Review: SparkleShare.

I have a lot of images, code projects, documents, game saves and such, and I want to take good care of them, especially my images – they are the most valuable possession I’ve got. That’s why I need a simple and safe backup solution. Earlier I just had an external harddrive, but thats not simple, nor have the security that I need. That’s why I used Dropbox for a while. It was rather cheap and had everything that I needed, except encrypted transfer and I didn’t know what happened with them across the Atlantic Ocean. So I started to look for alternatives – safe, secure, encrypted and I also wanted them to be Open Source so that I could have it running on my own server. GNU/Linux support and a client for Android was also needed.

I found SparkleShare that seemed to be a great solution and had pretty much all that I needed: Open Source, using SSH, rather simple to set up on my own server, webui and an Android client. I started to use it and have been using it since late september, 2011. But…

SparkleShare uses Git to store files and keep a history of changes made to my files. Git is created by the same author as of the Linux kernel, Linus Torvald, and were created for the development of the Linux kernel. Keep revision history, a linear development with the possibility to maintain paralell development branches – version control. For this, it’s perfect! I use Git for my project nowdays (I used Bazaar before). The company I work for has started to use it, too.

That Git is created to development of software does, however, not make it capable as storing files, in my opinion. Now I have 60GB+ of images from the past ten year of my life – that is not optimal for Git and it’s version control. For the everyday user that want’s a Dropbox alternative, this is really not the best solution. Perhaps for a person writing his/her Ph D, it would be great. But with a lot of files, which itself creates much data and uses a lot of storage, you dont need to have a history larger then the files/directory itself.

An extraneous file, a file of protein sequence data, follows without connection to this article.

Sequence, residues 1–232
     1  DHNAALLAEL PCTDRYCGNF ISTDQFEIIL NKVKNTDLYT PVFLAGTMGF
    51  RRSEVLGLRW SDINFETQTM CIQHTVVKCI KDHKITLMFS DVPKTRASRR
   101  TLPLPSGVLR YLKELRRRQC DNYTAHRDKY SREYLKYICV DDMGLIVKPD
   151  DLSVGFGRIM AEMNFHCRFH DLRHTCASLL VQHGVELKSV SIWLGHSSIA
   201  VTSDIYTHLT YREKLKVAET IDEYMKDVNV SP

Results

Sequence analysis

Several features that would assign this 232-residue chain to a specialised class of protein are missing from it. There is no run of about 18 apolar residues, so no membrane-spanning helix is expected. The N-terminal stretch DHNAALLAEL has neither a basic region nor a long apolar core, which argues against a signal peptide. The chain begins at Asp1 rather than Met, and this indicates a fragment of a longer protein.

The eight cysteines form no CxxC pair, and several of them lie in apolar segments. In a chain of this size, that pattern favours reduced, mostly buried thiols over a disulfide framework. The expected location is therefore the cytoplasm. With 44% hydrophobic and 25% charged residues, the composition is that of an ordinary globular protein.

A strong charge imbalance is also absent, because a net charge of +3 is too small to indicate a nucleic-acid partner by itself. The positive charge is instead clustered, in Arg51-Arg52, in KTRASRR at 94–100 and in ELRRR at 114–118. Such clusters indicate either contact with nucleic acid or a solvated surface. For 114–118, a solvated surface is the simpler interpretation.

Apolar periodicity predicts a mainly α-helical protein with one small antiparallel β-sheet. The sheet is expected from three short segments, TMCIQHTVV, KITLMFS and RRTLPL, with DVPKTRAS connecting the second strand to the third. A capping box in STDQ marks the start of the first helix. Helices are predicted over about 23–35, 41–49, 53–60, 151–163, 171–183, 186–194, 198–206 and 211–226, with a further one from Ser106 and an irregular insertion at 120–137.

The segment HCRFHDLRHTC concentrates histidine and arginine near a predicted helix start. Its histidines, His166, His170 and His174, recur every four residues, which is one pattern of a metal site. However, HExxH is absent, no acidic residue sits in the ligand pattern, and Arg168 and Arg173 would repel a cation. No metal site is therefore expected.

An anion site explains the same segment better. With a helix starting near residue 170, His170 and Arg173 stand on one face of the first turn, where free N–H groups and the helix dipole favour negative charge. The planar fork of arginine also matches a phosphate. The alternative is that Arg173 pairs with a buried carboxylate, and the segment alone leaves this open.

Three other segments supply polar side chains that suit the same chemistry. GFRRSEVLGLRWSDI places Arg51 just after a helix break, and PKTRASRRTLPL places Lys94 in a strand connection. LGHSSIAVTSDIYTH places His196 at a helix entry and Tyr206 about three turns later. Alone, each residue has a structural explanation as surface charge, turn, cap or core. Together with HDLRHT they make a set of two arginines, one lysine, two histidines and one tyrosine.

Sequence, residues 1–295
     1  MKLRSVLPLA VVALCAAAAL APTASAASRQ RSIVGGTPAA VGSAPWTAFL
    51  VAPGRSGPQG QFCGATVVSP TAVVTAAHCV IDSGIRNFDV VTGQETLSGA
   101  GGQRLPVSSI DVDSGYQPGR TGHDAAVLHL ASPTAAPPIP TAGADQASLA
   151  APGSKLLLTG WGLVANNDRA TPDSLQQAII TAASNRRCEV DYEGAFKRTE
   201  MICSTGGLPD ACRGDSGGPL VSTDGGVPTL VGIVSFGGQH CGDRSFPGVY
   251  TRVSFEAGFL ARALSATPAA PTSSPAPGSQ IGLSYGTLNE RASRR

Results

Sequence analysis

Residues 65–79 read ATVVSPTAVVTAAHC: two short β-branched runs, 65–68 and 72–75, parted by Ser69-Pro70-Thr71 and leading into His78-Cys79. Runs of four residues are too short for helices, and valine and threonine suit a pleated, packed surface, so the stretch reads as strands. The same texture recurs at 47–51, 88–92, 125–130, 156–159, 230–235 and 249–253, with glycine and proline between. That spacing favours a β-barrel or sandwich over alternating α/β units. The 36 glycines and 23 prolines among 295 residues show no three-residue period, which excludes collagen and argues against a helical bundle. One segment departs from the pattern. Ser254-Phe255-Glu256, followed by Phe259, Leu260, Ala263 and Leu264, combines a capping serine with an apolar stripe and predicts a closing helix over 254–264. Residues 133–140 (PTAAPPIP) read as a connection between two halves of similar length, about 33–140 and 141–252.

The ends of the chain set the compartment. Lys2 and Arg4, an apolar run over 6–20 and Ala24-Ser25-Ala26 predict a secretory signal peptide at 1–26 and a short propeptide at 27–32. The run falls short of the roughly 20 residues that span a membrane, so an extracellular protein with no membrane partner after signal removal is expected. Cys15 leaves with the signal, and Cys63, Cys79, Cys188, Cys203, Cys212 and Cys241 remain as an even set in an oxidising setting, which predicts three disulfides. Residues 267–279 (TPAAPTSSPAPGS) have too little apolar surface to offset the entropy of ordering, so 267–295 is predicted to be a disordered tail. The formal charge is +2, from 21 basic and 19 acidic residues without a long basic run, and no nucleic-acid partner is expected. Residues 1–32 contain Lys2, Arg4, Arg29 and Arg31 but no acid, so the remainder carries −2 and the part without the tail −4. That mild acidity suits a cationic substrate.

Installing SparkleShare (server) is pretty straight forward (I’ll post a guide soon). Just install SSH, Git and a few other packages on your server, and you’re good to go. This is a real plus. Also the client is also very easy to install. It comes with packages for most of the well used GNU/Linux distros, and also Mac OS X – not Windows yet. It’s also to build from source. You just install the client, copy the SSH key to your server and start a guide to add your share.

But I’d say this is too hard for new users. Well, if you’re already running your own server, I suppose it’s not that hard, but using its own SSH keys – without a password – is not something I like to do. But that can also be taken care of, altough it also might be a little to hard for the faint of heart.